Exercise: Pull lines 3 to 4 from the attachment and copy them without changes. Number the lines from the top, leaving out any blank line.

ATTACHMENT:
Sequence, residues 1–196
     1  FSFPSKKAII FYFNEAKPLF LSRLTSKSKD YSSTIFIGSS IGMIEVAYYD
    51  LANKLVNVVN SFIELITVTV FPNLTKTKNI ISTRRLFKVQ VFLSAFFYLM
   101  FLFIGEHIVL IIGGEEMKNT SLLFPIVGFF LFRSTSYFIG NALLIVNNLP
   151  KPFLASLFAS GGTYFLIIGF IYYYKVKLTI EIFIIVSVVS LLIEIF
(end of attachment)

    51  LANKLVNVVN SFIELITVTV FPNLTKTKNI ISTRRLFKVQ VFLSAFFYLM
   101  FLFIGEHIVL IIGGEEMKNT SLLFPIVGFF LFRSTSYFIG NALLIVNNLP